How do you write that story so the vow renewal doesn’t seem frivolous when contrasted with such a heart-wrenching topic?

Hall: The show in a way is the celebration of family paired with the emergency of a tragic situation that’s happening with other families. So we just thought it was thematically good to show that our family, the McCord family, celebrate what that institution for lack of a better word, is all about. And felt it was a natural pairing to show what happens when families fall apart.

McCreary: One of the things that Barbara and I talk about is we all become somewhat desensitized to what’s happening in the news, where every day something new comes out. It’s our privilege to be able to present these stories in a dramatic way. It touches our hearts because it’s so hard in a news soundbite to really understand what’s going on. It’s also hard for us to do domestic issues because the Secretary of State works internationally on diplomacy, so this was a really great way to keep Elizabeth in the country for the vow renewal and also have something that was deeply, deeply important for us to shine a light on.

Did the importance of spotlighting family separation factor into constructing this as a two-parter?

Hall: Yes. David Grae and I wrote the episode together and we wrote different scenes…and when we put it all together we had an 80 page script, when an episode is usually 52 pages.

McCreary: I remember the phone call, Barbara called and said, “What do you think about making it a two-parter?”

Hall: Sometimes you joke about that, when you write a script that’s too long. But because it was the 100th episode, and because when we went through the script it all needed to be said, we said it all needs to be here. Then we thought of a few more things that needed to be there, and the next thing you know we had a two-parter.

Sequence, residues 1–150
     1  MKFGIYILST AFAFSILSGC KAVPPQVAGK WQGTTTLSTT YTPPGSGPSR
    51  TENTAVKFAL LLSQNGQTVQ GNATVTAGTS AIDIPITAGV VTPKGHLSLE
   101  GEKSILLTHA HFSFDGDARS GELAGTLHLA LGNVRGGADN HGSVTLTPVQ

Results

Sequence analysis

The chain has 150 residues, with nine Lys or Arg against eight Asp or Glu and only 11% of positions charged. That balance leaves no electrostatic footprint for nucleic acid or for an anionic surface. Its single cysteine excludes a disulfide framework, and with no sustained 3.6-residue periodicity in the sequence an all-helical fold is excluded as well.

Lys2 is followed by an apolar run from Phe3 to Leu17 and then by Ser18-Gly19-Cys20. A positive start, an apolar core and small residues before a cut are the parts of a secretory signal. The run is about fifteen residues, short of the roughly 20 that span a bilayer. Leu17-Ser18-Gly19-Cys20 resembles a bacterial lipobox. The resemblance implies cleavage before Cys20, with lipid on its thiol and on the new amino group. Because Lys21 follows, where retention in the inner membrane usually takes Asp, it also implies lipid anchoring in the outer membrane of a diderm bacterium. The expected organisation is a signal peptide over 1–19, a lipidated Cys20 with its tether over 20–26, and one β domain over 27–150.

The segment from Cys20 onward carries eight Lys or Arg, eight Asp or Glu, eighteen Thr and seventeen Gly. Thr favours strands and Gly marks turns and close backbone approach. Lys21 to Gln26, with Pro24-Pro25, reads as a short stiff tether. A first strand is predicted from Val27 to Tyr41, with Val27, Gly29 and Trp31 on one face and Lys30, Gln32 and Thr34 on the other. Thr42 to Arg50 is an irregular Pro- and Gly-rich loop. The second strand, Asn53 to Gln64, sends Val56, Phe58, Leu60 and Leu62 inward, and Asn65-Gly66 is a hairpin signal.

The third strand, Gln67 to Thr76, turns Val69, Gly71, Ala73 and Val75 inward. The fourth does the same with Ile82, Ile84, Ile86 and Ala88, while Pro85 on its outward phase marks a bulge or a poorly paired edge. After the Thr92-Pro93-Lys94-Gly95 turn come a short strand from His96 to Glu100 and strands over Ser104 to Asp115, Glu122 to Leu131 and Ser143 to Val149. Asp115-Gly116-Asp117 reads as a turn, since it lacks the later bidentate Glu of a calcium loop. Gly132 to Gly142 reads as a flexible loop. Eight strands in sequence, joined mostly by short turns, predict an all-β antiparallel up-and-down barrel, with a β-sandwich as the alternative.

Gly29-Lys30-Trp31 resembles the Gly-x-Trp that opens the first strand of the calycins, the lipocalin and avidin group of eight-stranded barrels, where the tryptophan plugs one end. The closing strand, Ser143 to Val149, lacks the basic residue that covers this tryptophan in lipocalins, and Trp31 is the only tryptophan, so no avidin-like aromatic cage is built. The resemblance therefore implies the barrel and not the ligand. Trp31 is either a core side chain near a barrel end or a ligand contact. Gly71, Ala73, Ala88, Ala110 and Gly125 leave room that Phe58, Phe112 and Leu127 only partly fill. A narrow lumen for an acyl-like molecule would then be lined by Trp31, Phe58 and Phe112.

McCreary: Amnesty International says there’s still nearly 200 kids separated from their parents from the crisis earlier this year.

What kind of research is involved in getting these big, sweeping stories right?

Hall: We worked with a media group to find a way into a family separation story, which was difficult because it’s hard to make it into a foreign policy story. We managed to do that by making it an issue with the Mexican ambassador and the president being concerned over how its citizens are treated. But we’ll say, “We want to do this story, what’s the foreign policy in it, and what happens when you go to court on this issue?” And they’ll talk us through all the legal steps. Like getting nuclear weapons off of a hair-trigger response, which we did in the season finale last year — talk us through that; what would that look like, who would have to be part pf the agreement, how you proceed.

After 100 episodes, what have you learned in terms of how much you can dig into those kinds of issues given the family storylines and time constraints?